While at Allegheny, he was introduced to stereograph photography (two nearly identical photographs mounted on a card to give a three dimensional effect when viewed through a stereoscope). He was intrigued and felt that stereo photography was a good method for teaching students.
Singley’s first photograph was of the flooding of Meadville by French Creek in 1892. He turned photos of this event into stereo views and by 1895 he was selling approximately 700 different views. The company expanded into making stereoscopes and by 1905 was the largest company of its kind in the world.
In 1905, Keystone inaugurated its Educational Department and began selling stereo views and glass magic lantern slides (and equipment) to schools across the United States – and it is these glass magic lantern slides made by Keystone after 1905 that are featured in today’s question.
The magic lantern has a long history dating back to the 15th century, and no one is really sure who actually invented it — or if it was originated by any one individual. There is some thought that the first crude “magic” lantern was invented by Venetian engineer, Giovanni Fontana, who used it to project an image of a demon.
However, many give credit to Christiaan Huygens, who is said to have invented the original lantern in the 1650s. Other people developed “magic” lanterns, and most lanterns were used to project monstrous and scary images, and the device became known as the “lantern of fright.”
The lantern was often used by magicians and others who wanted to scare their audiences with images of phantoms and “phantasms” (even with fake images of bringing the dead back to life). The magic lantern did not come to the United States the last half of the 19th century, and then it was used by magicians and those who wanted to present strip tease shows and pornography without having real live women.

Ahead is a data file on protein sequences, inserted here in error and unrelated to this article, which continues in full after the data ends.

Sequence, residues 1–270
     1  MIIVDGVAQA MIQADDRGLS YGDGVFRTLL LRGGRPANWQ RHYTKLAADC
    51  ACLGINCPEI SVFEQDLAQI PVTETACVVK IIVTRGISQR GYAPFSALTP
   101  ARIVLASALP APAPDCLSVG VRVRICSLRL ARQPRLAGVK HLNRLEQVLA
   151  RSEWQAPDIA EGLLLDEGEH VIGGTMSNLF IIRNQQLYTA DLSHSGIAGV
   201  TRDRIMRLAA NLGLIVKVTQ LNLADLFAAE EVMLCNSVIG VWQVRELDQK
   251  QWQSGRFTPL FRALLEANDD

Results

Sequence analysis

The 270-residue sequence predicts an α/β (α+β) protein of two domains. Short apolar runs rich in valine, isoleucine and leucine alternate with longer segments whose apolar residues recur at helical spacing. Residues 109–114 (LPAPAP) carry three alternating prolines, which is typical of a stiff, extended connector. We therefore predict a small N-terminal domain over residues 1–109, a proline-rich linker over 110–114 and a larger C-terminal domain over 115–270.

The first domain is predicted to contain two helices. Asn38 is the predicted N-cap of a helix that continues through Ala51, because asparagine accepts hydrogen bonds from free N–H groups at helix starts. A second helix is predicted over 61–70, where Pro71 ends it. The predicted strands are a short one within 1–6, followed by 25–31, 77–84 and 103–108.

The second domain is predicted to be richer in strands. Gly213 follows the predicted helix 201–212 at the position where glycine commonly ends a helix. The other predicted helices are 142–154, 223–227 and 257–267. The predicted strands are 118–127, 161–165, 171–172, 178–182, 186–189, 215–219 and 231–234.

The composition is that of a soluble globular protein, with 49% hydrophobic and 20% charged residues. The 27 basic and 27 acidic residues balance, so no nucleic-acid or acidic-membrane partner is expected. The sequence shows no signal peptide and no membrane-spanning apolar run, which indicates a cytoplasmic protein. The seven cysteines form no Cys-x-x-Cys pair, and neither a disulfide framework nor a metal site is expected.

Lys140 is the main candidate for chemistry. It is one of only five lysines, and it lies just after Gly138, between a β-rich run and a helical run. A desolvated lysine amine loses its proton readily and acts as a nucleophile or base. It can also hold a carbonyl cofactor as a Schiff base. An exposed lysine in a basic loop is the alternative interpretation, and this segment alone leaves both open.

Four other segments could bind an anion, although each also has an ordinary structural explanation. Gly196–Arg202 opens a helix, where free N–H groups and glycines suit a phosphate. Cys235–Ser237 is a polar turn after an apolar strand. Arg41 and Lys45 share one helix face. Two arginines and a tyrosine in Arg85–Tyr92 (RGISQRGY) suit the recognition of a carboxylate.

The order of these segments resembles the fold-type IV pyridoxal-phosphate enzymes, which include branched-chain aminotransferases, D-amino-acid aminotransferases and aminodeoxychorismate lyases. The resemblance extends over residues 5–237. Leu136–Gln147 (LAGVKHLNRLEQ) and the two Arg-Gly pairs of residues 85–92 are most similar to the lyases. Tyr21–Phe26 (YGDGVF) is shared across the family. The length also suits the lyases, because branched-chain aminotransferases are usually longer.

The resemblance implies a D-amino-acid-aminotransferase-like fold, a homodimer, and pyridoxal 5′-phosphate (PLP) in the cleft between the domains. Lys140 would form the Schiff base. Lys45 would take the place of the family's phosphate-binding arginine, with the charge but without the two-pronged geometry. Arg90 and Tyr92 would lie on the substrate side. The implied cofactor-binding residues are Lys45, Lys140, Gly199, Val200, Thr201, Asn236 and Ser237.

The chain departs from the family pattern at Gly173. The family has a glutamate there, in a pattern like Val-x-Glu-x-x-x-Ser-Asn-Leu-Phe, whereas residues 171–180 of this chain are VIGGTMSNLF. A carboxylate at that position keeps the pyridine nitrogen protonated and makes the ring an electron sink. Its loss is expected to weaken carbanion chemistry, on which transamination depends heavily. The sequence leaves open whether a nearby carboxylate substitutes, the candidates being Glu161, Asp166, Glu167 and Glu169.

But magic lanterns were also used for entertainment of a more “vanilla” sort and, as we mentioned earlier, for educational purposes. Of her 50 (or so) magic lantern slides, P. M. has sent us photographs of a locomotive with engineer, and most interesting of all, Thomas Alva Edison standing behind some machinery, which we presume is in his Menlo Park, N.J., laboratory.
The train itself should probably retail in the $4 to $8 range, but the Edison could bring as much as $75 to $100. The remaining lot of early 20th century slides is probably worth only $75 to $100 at retail — unless there are some interesting examples and views of which we are not aware. Generally, these would not be of interest to most libraries or colleges.
Write to Joe Rosson, P.O. Box 27419, Knoxville, TN 37927, or email firstname.lastname@example.org. If you’d like your question to be considered for the column, please include a high-resolution photo of the subject, which must be in focus.